According to demonology, the Leviathan is the gatekeeper among the seven princes of Hell. It is believed that hell is the kingdom of Satan by many Christians. — ask.com
By Doug Porter
If there’s one commonality to all the indiscretions of San Diego politics in the 20 months I’ve been writing this column, it’s City Attorney Jan Goldsmith. Now, facing increased scrutiny in light of his actions, he’s fighting a desperate rear guard action to avoid public examination of the behind the scenes machinations at City Hall.
Contrary to what many of my progressive friends might believe, he’s not an ideologue, bound to the socially conservative mantras of the far right. In looking over his actions as City Attorney, I’ve come to believe he’s merely a dedicated functionary for the (largely Republican) economic interests that have ruled the roost in San Diego for decades. It’s all about the money.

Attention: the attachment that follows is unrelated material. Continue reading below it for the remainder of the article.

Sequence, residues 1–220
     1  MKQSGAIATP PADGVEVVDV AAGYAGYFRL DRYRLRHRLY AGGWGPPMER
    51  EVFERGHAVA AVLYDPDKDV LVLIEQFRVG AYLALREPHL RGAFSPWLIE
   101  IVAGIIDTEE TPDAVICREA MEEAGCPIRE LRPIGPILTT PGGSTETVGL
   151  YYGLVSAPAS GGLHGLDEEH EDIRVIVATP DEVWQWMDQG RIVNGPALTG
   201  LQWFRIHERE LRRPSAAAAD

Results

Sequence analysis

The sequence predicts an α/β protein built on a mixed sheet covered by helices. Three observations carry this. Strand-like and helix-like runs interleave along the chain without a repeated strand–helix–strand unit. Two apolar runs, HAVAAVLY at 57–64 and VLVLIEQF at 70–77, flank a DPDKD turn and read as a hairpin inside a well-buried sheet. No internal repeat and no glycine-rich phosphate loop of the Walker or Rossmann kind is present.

According to a story by Dorian Hargrove in the San Diego Reader, Goldsmith is now fighting a court battle seeking to have public officials declared above the law when it comes to the California’s Public Records Act. A February 27th legal brief filed by the City Attorney in San Diego Superior Court makes the claim that the law only requires “local agencies,” a “city,” or a “municipal corporation” to turn over documents, not individuals, officials, or employees.
From the Reader account:
Within the past year, the City of San Diego has been named in several lawsuits for failing to abide by the public records act. Goldsmith, in particular, has been named in two lawsuits, one of which for releasing closed-session transcripts to the U-T San Diego during his feud with former mayor Bob Filner while refusing to release other closed-session transcripts to other members of the media. The second lawsuit, both filed by San Diegans for Open Government, challenges Goldsmith’s refusal to make public his correspondence from his private email account — through which he discusses city business — to reporters.